Team Addresses Climate Change, Animal Agriculture

US - University of Georgia (UGA) researchers have joined a national team of scientists working on a five-year, $4.1-million US Department of Agriculture grant designed around the effects of climate change on animal agriculture.
calendar icon 16 August 2011
clock icon 3 minute read

Mark Risse, an engineer with UGA Cooperative Extension who is leading the research at UGA, said: "Animal production is vitally important to Georgia's economy.

"In 2009, poultry, beef cattle, dairy and swine accounted for nearly $5 billion of the agricultural value in Georgia. It is important to keep our animal producers informed of practices that are environmentally sound, climatically compatible and economically viable."

The goal of the USDA grant is to help livestock and poultry producers adapt to and mitigate the impacts of climate change, especially as they face new weather patterns or regulations put in place to limit greenhouse gases.

He continued: "In the Southeast, we are more interested in how our animals will respond to water. As a region, the South is predominately poultry, so we will look heavily at the poultry industry and at what changes the industry may need to make and will focus on how to best equip producers to adapt to these changes."

Dr Risse is working with the Southeast Climate Consortium to identify climate projections that may affect animal agriculture. The consortium is predicting more weather extremes – including more droughts and more flooding in the Southeast. Rainfall is expected to remain the same annually but it will be delivered in more concentrated rainstorms. Temperature increases are not expected to be as great as those in other regions of the US.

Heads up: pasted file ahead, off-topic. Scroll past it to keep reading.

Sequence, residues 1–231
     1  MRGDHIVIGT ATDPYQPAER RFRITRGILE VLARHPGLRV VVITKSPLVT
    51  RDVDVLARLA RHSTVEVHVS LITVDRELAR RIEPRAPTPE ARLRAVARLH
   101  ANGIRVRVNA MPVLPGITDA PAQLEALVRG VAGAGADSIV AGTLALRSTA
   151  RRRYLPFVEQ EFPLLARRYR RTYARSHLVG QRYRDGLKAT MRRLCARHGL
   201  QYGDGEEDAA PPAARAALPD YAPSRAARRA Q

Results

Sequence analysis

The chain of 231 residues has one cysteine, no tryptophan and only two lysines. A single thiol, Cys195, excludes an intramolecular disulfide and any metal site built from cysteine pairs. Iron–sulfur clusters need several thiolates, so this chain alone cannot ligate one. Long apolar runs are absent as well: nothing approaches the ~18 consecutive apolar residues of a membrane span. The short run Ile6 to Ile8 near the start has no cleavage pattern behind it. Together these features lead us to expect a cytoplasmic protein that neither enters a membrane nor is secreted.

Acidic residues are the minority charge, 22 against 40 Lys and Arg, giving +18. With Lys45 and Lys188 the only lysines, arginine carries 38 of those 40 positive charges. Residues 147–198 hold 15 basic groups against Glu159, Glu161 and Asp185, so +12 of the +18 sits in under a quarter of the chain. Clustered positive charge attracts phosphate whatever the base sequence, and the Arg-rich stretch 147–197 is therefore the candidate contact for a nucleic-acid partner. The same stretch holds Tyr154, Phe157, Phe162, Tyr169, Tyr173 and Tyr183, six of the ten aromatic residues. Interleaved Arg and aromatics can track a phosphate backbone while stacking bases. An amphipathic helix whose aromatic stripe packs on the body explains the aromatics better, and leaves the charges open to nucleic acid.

Dr Risse, along with UGA Extension, will work with producers in Georgia and across the Southeast to develop strategies to help lower animal management's impacts on the climate.

He explained: "Roughly 10 per cent of total greenhouse gas emissions nationally are due to agriculture production. But if we get to a point where greenhouse gases from poultry and livestock farms are being regulated, we need to have mitigation strategies in place to help producers reduce their emissions."

With manure management, harnessing the gases as fuel is often a more economical practice than releasing it into the atmosphere, according to Dr Risse.

He added: "You can use those gases on the farm as fuel instead of just letting them escape to the atmosphere."

This is the third in a series of grants on environmental issues and animal agriculture that the National Livestock and Poultry Environmental Learning Center have addressed. Previous projects have focused on air and water quality. The other universities involved in the project are University of Nebraska, Washington State University, Texas A&M University, Cornell University and University of Minnesota.

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